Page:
Meanwhile Roderick and Mary, who suffered all the anguish of suspense, returned to Europe, and to London, there to interview the First Lord of the Admiralty, and to hear the whole matter discussed in Parliament. Several warships and cruisers were despatched to the Atlantic, but returned to report the ill result of their mission, which could have had but this end, since Black was then in the shelter of the fjord at Greenland, and none thought of seeking him there. Nor was my oldest friend content with this national action and the subsequent offer of a reward of £50,000 for the capture of the nameless ship or of her crew, for he put the best private detectives in the city at the work, sending two to New York, and others to Paris and to Spezia. These fathomed something of the earlier mystery of Captain Black's life, but the man's after-deeds were hidden from them; and when the weeks passed and I did not come, all thought that I had died in my self-appointed mission—another of his many victims.

It was but a few days after this sorrowful conviction that Black and I went to London, and were seen by Inspector King, who had watched night and day for the man's coming. The detective had immediately telegraphed to the Admiralty, and to Roderick, who had reached my hotel to find that I had already left. Then he hurried back to Southampton, there to hear of the going of the warships and to wait with Mary tidings of the last great battle, which meant life or death to me.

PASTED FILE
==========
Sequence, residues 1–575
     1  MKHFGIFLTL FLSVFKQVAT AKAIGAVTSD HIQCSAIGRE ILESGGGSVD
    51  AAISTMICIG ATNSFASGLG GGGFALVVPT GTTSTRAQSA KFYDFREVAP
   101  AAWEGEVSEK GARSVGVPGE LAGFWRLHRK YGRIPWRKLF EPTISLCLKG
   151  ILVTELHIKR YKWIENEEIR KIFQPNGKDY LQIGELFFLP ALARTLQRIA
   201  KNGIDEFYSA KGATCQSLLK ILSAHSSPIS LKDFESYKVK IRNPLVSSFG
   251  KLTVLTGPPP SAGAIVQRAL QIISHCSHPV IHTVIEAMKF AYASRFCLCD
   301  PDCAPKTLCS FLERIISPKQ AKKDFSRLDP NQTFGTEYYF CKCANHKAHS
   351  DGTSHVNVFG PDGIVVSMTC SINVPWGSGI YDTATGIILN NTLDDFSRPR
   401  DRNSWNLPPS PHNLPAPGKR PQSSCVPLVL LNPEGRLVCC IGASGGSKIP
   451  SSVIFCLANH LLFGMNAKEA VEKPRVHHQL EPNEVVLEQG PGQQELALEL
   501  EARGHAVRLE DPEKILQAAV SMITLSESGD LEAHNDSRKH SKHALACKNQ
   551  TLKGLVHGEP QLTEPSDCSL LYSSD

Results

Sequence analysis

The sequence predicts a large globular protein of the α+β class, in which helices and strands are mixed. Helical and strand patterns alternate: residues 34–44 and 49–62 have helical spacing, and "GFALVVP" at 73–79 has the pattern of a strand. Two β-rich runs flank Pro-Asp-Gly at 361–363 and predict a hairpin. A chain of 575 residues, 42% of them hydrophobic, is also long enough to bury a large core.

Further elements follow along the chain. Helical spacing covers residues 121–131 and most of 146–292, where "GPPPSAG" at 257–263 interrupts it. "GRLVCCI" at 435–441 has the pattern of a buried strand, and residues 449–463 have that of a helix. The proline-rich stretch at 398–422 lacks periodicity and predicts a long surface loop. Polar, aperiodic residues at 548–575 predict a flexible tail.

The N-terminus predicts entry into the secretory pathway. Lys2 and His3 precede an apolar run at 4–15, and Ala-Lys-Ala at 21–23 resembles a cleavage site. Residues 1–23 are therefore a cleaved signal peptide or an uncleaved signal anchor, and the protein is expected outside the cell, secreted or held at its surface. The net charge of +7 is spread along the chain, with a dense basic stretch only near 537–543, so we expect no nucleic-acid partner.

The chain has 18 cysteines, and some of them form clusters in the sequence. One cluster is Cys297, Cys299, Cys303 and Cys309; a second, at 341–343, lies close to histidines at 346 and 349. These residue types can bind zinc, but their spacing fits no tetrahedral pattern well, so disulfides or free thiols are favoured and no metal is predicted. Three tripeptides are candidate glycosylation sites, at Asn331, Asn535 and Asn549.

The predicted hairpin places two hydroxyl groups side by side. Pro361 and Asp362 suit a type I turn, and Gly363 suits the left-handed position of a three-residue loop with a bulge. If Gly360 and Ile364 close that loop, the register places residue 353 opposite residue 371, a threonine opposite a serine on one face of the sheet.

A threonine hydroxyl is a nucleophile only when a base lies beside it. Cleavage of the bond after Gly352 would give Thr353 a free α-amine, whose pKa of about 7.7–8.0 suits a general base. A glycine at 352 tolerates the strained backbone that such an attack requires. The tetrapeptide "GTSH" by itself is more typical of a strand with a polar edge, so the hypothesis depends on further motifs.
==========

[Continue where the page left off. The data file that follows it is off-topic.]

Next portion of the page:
Long we sat discussing these things, and very bright were a pair of dark eyes that listened again to Roderick's story, and then to more of mine. But Roderick himself had awoke from his lethargy, and his enthusiasm broke through all his old restraint.

"To-morrow, why, to-morrow, by George, you'll astound London. My dear fellow, we'll go to town together to claim the £50,000 which the Admiralty offered, and the £20,000 from the Black Anchor Line, to say nothing of American money galore. You're made for life, old man; and we'll take the old yacht north to Greenland, and hunt up the place and Black's tender, which seems to have escaped the ironclads, and it'll be the finest trip we ever knew."

"What does Mary say?" I asked as she still held my hand.

"I don't mean to leave you again," she answered, and as she spoke there was a great sound of cheering above, and a great tramp of feet upon the deck; and as we hurried up, the hands I loved to see crowded about me, and their shouting was carried far over the water, and was taken up on other ships, which threw their searchlights upon us, so that the night was as a new day to me, and the awakening from the weeks of dreaming as the coming of spring after winter's dark. Yet, as the child-face was all lighted with radiant smiles, and honest hands clasped mine, and the waters echoed the triumphant greeting, I could not but think again of Captain Black, or ask myself—Is the man really dead, or shall we yet hear of him, bringing terror upon the sea, and death and suffering; the master of the nations, and the child of a wanton ambition? Or is his grave in the great Atlantic that he ruled in the mighty moments of his power?

Ah, I wonder.


Printed by Cassell & Company, Limited, La Belle Sauvage, London, E.C.